When the latest addition to the British Royal family was named last year, most reliable sources on royal affairs associated Prince George’s name with two illustrious predecessors: his great, great-grandfather, George V, who founded the House of Windsor; and Colin Firth, who played George VI in ‘The King’s Speech’. There is, however, another important George in the zeitgeist at the moment, and that’s George I of Hanover, who ascended to the throne exactly three hundred years ago in 1714.
George, who was the Elector of Hanover, wasn’t necessarily an obvious choice as King of the newly-formed Kingdom of Great Britain. He was 52nd in line to the throne, and despite being well-educated, didn’t speak fluent English. He was, however, still alive in 1714 (good), distantly related to the previous monarch Queen Anne (very good), and not a Catholic (very, very good), which as a set of attributes was considered better than anything his Stuart rivals could offer. It was nonetheless a potentially unstable time for the British monarchy, and the Hanoverians recognised the importance of affirming their legitimacy as rightful heirs to the throne. They needed to distinguish themselves from the Stuart dynasty, which they characterised as corrupt (bad), Francophile (very bad) and Roman Catholic (very, very bad). One effective way of getting this message across was through the visual arts, which included buildings, sculpture, pageantry and public spectacle.
Enter (did you see this coming yet?) William Kent. During his time in Italy Kent had developed a profound dislike of the French aesthetic, and with his friend and patron Lord Burlington was determined to introduce a new national style to Britain. This Anglo-Palladian style was favoured by the Hanoverians who claimed ancestral connections with Venice, and thanks to Burlington’s political manoeuvring Kent secured a commission to paint, decorate and furnish the interiors of Kensington Palace for King George I.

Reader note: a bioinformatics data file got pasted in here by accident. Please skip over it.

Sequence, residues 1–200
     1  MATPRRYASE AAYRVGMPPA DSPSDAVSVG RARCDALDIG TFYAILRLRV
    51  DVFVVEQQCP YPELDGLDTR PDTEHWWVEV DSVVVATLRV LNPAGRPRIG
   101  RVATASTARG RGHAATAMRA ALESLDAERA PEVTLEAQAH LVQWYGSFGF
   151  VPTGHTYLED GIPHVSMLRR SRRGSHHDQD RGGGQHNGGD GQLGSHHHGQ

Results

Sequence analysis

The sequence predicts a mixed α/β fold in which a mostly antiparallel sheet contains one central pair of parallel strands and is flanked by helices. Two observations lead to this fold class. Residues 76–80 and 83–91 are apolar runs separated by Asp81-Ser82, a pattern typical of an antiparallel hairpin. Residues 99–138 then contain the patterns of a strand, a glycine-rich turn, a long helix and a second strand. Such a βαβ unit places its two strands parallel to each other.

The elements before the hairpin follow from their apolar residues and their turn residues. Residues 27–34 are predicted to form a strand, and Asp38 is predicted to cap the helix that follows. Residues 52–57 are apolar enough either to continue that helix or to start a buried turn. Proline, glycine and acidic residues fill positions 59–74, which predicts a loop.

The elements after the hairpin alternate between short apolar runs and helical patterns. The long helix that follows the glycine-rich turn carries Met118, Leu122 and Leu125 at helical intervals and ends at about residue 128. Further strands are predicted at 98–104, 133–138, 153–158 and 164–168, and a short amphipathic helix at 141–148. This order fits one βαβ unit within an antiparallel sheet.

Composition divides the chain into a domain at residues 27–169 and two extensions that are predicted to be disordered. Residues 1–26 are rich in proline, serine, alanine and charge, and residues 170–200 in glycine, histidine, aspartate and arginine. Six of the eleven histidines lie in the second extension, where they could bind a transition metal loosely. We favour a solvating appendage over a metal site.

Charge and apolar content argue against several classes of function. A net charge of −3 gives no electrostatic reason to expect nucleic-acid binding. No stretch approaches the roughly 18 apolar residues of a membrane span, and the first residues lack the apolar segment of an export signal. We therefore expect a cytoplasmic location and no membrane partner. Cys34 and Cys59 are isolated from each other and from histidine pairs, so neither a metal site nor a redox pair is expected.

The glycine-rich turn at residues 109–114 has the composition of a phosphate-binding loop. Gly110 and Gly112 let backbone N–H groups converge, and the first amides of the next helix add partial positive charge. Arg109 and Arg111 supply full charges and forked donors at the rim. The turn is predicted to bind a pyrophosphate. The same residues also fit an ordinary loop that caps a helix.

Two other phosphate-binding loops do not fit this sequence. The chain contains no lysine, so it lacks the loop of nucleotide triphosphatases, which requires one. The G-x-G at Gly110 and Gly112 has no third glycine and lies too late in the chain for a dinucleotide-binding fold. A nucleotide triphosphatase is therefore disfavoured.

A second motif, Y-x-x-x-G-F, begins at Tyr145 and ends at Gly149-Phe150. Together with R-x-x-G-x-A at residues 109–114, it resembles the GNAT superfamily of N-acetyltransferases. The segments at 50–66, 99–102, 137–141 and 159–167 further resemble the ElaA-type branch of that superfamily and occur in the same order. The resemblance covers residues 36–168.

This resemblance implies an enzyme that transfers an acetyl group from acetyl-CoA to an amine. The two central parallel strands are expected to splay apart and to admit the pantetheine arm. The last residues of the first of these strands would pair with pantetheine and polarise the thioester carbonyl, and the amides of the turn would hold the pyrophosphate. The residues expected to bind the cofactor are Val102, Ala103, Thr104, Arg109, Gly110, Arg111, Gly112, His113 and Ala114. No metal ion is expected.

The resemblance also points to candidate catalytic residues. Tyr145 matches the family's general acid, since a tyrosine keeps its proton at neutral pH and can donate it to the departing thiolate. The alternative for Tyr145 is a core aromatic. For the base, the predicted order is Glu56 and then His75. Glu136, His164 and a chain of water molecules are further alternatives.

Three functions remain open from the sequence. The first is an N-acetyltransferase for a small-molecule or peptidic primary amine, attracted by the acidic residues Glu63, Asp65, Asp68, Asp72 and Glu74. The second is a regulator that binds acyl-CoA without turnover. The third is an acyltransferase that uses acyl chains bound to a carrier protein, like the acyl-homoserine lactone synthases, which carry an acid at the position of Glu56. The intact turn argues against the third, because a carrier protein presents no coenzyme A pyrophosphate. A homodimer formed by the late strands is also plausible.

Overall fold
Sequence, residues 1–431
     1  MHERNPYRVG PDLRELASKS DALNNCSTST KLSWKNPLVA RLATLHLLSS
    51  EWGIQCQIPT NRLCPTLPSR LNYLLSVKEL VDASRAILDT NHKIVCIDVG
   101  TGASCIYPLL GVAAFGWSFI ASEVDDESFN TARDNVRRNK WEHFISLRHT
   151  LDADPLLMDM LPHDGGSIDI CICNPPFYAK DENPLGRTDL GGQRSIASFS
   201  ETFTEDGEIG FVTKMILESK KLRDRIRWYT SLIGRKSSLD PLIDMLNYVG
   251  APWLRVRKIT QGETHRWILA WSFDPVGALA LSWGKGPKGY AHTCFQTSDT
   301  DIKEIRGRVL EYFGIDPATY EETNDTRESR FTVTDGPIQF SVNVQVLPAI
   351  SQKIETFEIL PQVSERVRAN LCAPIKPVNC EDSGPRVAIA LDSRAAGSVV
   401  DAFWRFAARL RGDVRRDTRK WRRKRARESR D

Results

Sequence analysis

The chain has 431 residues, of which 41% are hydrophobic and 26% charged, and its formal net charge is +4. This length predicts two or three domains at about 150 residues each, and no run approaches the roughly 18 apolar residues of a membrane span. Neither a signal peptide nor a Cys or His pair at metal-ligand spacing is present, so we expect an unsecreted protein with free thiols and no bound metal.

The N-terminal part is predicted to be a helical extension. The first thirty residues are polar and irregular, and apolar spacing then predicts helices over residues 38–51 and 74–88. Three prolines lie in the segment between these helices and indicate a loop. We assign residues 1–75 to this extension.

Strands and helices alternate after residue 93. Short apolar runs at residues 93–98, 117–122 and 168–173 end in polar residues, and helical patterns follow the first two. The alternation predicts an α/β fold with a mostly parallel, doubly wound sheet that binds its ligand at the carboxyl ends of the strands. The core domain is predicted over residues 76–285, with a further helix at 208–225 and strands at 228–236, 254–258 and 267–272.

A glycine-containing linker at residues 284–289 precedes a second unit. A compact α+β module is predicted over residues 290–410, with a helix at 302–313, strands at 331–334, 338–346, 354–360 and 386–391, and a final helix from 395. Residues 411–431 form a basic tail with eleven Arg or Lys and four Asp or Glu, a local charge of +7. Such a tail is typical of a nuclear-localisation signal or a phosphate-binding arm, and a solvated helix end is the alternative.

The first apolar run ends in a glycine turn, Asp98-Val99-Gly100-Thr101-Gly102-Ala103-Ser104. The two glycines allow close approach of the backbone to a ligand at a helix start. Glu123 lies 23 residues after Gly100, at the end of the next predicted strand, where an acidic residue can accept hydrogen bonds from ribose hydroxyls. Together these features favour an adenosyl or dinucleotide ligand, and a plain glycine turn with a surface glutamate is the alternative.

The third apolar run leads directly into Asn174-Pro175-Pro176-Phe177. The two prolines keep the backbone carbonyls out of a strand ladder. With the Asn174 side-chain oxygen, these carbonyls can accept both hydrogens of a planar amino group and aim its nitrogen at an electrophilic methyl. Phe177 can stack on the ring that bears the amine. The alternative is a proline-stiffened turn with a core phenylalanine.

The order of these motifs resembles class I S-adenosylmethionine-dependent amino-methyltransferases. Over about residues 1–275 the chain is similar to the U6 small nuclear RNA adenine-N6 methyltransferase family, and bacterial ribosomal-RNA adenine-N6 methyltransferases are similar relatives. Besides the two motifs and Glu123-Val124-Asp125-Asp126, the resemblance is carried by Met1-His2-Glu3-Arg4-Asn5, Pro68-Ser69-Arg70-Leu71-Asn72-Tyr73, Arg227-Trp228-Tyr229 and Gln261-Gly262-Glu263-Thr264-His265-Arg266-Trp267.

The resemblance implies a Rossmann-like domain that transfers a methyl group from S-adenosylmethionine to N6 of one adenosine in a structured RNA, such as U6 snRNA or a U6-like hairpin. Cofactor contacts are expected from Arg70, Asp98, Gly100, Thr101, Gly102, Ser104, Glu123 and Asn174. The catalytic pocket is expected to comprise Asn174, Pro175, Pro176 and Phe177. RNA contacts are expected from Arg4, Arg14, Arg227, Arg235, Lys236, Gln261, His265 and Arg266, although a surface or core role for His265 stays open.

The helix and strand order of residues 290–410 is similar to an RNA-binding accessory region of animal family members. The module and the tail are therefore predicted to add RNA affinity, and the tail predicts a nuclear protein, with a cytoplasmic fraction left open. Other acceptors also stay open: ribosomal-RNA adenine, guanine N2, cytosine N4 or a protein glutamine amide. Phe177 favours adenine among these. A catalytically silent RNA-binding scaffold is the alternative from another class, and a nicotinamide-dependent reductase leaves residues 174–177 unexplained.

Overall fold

Kent’s success at Kensington Palace led to a host of other commissions for the Royal family, which ranged from a new library for Queen Caroline, wife of George II, to a magnificent barge for Prince Frederick, George II and Caroline’s detested* eldest son:
*if this sounds unkind, please be assured the feeling was mutual.
The Georges are thus a very important aspect of ‘William Kent’ (which is, after all, subtitled: ‘Designing Georgian Britain’), and the exhibition forms part of a series of exhibitions and events taking place across London which celebrate the Tercentenary of the Hanoverian Succession. It’s interesting to think that a whole nation over more than a hundred years can be summed up in one word relating to the name of their ruler(s). What can you learn about Joe Bloggs by focussing on George Hanover?
The British Library have cleverly addressed this relationship in their current exhibition by opening the show with a series of magnificent portraits– a parade of Gorgeous Georges that form an impressive façade to the body of the exhibition. You then descend (naturally) to the objects below relating to all the other levels of the society to which the kings lend their name. The approach in ‘William Kent’ is slightly different since we’re making the point that Kent’s work for the Royal family stood in the middle of Georgian society, at the centre of London itself. By showing Kent’s work for the Hanoverian monarchs at the heart of the exhibition we’re trying to show just how engrained the new aesthetic was within society as a whole, and how Kent’s work for the Georges was instrumental in defining the style we now think of as ‘Georgian’.